• Lynne Macdonald (MLURI) is currently a post-doctoral scientist working on the EPSRC funded SoilFit project. She has a background in soil microbial ecology, focusing on the impact of agricultural management on soil microbial diversity and processes in relation to nutrient cycling.
  • Stuart Marsh (BGS) chair of UK's Remote Sensing and Photogrammetry Society, specialises in geoscience applications and remote sensing for mineral and lithological mapping.He has also pioneered the use of airborne thermal scanners for detecting buried structure such as abandoned mine shafts (Donoghue, 2002).
  • David Miller (MLURI) is a landscape modeller with expertise in the analysis of spatial patterns in the landscape and vegetation change, and the use of visualisation tools for the interpretation of biophysical features (Miller, 2005). He has also been responsible for surveying all of the major peat development resources in Scotland and Cumbria, and has been responsible for various international projects and their management.
  • Robert Morrison (DPRA Inc, San Marcos, CA USA, and Director of The International Society of Environmental Forensics (ISEF)) is a soil physicist and is active in the development of environmental forensic techniques for use in contaminant source identification and age dating in soil and groundwater (Morrison, 2000).
  • Jamie Pringle is a lecturer in Engineering & Environmental Geoscience at Keele University, and specialises in forensic geosearch, for example the use of GPR.
  • Barry Rawlins (BGS), is a soil scientist developing methods for the exploitation of large soil and sediment sample archives and has undertaken research on the application of spatial soil geochemical datasets for forensics (Rawlins and Cave, 2004).
  • Karl Ritz (Chair in Soil Biology) National Soil Resources Institute (NSRI), has expertise in multi-variate profiling of soil systems (Ritz et al., 2004).
  • Allan Robertson (Honorary President of the International Peat Society), provides expertise on the interpretation of peat structure, variation in biophysical characteristics, and links to the research and user communities of peat and peatlands.Sites with different environmental conditions will be used for testing and demonstrating the feasibility of the tools being developed.Permission for access and use of on-site resources has come from a SME (Humax Ltd.) which owns and manages peat resources in Scotland and England, which will contribute access to sites that represent different types of conditions of peat, while permission to use research station facilities (MLURI) that include extensive areas of eroded peat and peaty soils has been granted.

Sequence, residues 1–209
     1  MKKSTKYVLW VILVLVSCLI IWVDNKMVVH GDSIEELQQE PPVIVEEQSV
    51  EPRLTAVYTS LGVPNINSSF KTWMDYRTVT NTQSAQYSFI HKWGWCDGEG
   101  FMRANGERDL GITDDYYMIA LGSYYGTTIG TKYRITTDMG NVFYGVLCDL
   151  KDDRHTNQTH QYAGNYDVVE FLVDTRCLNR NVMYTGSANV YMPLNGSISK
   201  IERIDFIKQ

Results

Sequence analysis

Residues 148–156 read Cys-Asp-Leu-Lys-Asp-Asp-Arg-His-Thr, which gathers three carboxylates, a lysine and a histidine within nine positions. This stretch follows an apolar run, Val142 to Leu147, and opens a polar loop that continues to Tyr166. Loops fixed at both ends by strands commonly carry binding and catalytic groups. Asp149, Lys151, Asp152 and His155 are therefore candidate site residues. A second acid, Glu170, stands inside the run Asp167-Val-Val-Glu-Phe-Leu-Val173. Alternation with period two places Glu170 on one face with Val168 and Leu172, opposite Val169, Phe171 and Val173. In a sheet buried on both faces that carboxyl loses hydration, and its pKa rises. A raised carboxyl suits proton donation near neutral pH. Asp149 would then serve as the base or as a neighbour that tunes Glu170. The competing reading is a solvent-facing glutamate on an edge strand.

• Mark Tibbett (Director of the Centre for Land Rehabilitation and Deputy Director of the Centre for Applied Organic Geochemistry at University of Western Australia) has over 15 year experience as a soil scientist and soil microbiologist with a particular interest in forensic taphonomy, teaching this in the UK and Australia (Tibbett, 2004).
  • Willie Towers (MLURI) has used both spatial and non-spatial data to address a large number of agricultural, environmental and ecological issues including environmental protection and habitat restoration and expansion (Towers et al., 2002). These applications rely on establishing robust links between specific soils and vegetation information (held within the database) and more general information on their extent and distribution on maps.
  • Christopher Vane (BGS) is an expert in the analysis and interpretation of natural organic matter in soils and has also used GC-MS to examine evidence for adipocere in burial pits associated with the foot and mouth epidemic of 1967 (Vane and Trick, 2005).
  • Patricia Wiltshire is an ecologist, botanist, and palynologist. She started her research and teaching career at King’s College London. She later worked in environmental reconstruction in archaeology at University College London. Her experience of the difficulty of archaeological palynology meant that she was pre-adapted to work in the forensic context.